A proposed plan change to protect the night skies over Naseby needs further consultation with iwi before it can be approved for public notification.

Since 2016, community development group Naseby Vision Incorporated Society, which represents more than 380 Naseby residents, holiday home owners, business people and farmers, has been pursuing a southern hemisphere first — International Dark-Sky (IDA) accreditation as a community.

At present New Zealand has three IDA accredited sites — a dark sky reserve in the Mackenzie Basin and sanctuaries above Great Barrier Island and Stewart Island.

In 2018, the report ‘‘Dark Sky New Zealand (DSNZ)’’ stated the sky quality of Naseby was ‘‘top tier’’ and noted Naseby sat well in comparison with the IDA accredited Aotea/Great Barrier Island Reserve, and the Aoraki Mackenzie/Tekapo Sanctuary.

If successful, the dark sky accreditation (community) would be the first of its type in New Zealand.

Council’s proposed Plan Change 22 would see provisions laid out in the district plan protecting the quality of Naseby’s dark skies through the establishment of lighting codes, local monitoring of compliant outdoor lighting codes, and increasing awareness of light pollution.

These would come into effect when new development in the area was proposed.

Implementing the plan change would enable Naseby Vision to submit an application to the IDA for dark sky reserve accreditation.

At a meeting of the Central Otago District Council last week, principal policy planner Ann Rodgers said Naseby Vision had undertaken a comprehensive process with the community and the IDA, and provided a considerable amount of information upon which to base a new chapter in the district plan.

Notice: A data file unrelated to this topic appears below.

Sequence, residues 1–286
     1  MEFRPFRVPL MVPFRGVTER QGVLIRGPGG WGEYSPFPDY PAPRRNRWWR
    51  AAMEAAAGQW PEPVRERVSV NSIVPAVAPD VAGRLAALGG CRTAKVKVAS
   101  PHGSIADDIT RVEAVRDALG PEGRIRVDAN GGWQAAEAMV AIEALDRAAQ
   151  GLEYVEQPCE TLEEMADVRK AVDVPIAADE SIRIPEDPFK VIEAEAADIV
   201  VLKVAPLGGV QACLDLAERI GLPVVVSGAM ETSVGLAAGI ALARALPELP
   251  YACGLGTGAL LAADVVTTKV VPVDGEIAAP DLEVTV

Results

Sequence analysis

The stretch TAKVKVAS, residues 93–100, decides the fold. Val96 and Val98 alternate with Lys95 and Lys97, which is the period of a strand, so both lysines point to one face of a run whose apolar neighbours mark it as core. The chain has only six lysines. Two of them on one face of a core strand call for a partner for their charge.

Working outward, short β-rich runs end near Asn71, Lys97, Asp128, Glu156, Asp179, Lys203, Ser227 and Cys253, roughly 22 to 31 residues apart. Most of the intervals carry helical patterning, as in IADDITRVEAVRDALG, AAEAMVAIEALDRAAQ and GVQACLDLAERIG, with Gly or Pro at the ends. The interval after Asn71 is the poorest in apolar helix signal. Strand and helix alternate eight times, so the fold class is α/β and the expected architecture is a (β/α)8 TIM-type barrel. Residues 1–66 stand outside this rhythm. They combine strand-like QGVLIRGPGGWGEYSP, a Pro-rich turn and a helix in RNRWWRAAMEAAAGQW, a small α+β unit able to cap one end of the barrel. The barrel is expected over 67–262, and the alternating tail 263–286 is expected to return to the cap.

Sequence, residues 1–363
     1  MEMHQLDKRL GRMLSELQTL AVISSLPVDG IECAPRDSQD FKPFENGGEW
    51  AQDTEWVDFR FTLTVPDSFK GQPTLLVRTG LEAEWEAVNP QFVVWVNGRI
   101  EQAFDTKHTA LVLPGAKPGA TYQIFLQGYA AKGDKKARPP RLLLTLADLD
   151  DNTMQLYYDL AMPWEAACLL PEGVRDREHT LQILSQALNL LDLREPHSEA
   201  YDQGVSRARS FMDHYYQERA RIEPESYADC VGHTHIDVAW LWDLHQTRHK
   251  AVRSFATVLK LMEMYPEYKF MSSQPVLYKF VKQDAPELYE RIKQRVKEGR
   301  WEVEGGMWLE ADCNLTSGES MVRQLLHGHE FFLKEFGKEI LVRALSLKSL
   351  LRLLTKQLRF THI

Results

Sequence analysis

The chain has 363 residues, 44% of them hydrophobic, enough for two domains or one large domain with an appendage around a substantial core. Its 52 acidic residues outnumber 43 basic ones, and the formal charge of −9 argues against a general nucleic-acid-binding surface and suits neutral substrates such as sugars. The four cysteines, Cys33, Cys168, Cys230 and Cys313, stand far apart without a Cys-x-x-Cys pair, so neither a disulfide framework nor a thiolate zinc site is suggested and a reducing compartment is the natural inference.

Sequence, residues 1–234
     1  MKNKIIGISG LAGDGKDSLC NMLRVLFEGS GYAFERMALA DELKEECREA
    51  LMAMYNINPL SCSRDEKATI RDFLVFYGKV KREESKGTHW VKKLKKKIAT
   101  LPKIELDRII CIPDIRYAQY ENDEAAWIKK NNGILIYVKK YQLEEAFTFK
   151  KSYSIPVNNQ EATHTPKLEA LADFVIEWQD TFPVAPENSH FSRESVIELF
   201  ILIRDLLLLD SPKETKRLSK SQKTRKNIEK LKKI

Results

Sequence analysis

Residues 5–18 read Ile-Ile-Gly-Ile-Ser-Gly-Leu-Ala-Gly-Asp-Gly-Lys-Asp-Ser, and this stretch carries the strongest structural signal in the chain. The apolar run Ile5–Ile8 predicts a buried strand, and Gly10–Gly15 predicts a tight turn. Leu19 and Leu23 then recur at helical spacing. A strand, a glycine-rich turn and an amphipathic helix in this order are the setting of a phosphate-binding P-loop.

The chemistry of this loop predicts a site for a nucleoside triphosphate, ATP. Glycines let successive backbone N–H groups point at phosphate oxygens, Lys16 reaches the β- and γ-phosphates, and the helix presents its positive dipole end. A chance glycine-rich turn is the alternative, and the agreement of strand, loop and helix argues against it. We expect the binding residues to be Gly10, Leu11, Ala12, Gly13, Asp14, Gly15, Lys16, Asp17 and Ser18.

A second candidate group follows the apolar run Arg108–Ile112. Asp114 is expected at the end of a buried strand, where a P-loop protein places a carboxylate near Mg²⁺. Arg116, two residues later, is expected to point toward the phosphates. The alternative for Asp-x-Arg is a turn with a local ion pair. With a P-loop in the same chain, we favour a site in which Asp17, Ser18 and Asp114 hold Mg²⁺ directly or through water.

The proposed rules would not impact on existing lighting arrangements and would ensure the quality of the dark skies currently enjoyed by the Naseby community and visitors.

‘‘Naseby is really special in terms of dark skies. They’re described by amateur astronomers as being like a black hole . . . it’s really, really dark so that’s something worth protecting and the community really support it,’’ she said.

Council staff have initiated engagement with iwi authorities through Aukaha and would continue to do so prior to the plan change being notified, she said.

However, councillor Tamah Alley was concerned engagement with iwi had been left to the end of the process.

‘‘I think it’s wonderful that it’s got to this stage but I’m just a little bit worried about the engagement with [Ngai Tahu’s commercial consultancy arm] Aukaha and it being right at the end when we’ve got a document, that this is not the way we want to be operating and how that may be remedied,’’ she said.

Ms Rodgers said while it was towards the end of the process, she had been having ‘‘quite active discussions’’ with staff at Aukaha about the programme.

After discussion, it was agreed the plan change should go back to council after it had been reviewed by Aukaha and before it was notified.